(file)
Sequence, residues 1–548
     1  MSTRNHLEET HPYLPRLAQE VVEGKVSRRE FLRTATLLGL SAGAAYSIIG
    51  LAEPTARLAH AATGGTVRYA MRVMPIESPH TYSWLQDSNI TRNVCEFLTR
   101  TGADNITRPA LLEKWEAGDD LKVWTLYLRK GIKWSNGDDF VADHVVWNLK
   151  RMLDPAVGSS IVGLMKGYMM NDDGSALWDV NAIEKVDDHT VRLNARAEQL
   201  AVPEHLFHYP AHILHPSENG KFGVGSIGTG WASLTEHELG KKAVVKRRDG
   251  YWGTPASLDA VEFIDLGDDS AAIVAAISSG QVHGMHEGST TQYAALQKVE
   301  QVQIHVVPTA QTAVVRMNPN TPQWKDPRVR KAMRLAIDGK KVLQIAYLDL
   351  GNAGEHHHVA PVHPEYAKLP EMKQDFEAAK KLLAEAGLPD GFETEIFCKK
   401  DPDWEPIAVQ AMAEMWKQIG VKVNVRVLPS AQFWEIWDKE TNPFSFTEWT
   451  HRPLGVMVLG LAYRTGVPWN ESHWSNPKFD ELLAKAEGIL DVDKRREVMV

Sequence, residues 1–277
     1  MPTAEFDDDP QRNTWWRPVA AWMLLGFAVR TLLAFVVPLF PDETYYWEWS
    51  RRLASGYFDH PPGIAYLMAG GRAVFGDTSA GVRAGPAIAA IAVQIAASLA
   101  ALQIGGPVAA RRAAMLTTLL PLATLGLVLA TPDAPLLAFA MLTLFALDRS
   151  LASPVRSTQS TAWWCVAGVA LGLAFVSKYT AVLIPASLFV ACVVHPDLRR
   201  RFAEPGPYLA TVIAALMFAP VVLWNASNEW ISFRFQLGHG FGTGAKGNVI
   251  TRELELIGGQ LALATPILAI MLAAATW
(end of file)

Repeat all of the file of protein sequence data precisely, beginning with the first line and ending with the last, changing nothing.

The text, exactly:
Sequence, residues 1–548
     1  MSTRNHLEET HPYLPRLAQE VVEGKVSRRE FLRTATLLGL SAGAAYSIIG
    51  LAEPTARLAH AATGGTVRYA MRVMPIESPH TYSWLQDSNI TRNVCEFLTR
   101  TGADNITRPA LLEKWEAGDD LKVWTLYLRK GIKWSNGDDF VADHVVWNLK
   151  RMLDPAVGSS IVGLMKGYMM NDDGSALWDV NAIEKVDDHT VRLNARAEQL
   201  AVPEHLFHYP AHILHPSENG KFGVGSIGTG WASLTEHELG KKAVVKRRDG
   251  YWGTPASLDA VEFIDLGDDS AAIVAAISSG QVHGMHEGST TQYAALQKVE
   301  QVQIHVVPTA QTAVVRMNPN TPQWKDPRVR KAMRLAIDGK KVLQIAYLDL
   351  GNAGEHHHVA PVHPEYAKLP EMKQDFEAAK KLLAEAGLPD GFETEIFCKK
   401  DPDWEPIAVQ AMAEMWKQIG VKVNVRVLPS AQFWEIWDKE TNPFSFTEWT
   451  HRPLGVMVLG LAYRTGVPWN ESHWSNPKFD ELLAKAEGIL DVDKRREVMV

Sequence, residues 1–277
     1  MPTAEFDDDP QRNTWWRPVA AWMLLGFAVR TLLAFVVPLF PDETYYWEWS
    51  RRLASGYFDH PPGIAYLMAG GRAVFGDTSA GVRAGPAIAA IAVQIAASLA
   101  ALQIGGPVAA RRAAMLTTLL PLATLGLVLA TPDAPLLAFA MLTLFALDRS
   151  LASPVRSTQS TAWWCVAGVA LGLAFVSKYT AVLIPASLFV ACVVHPDLRR
   201  RFAEPGPYLA TVIAALMFAP VVLWNASNEW ISFRFQLGHG FGTGAKGNVI
   251  TRELELIGGQ LALATPILAI MLAAATW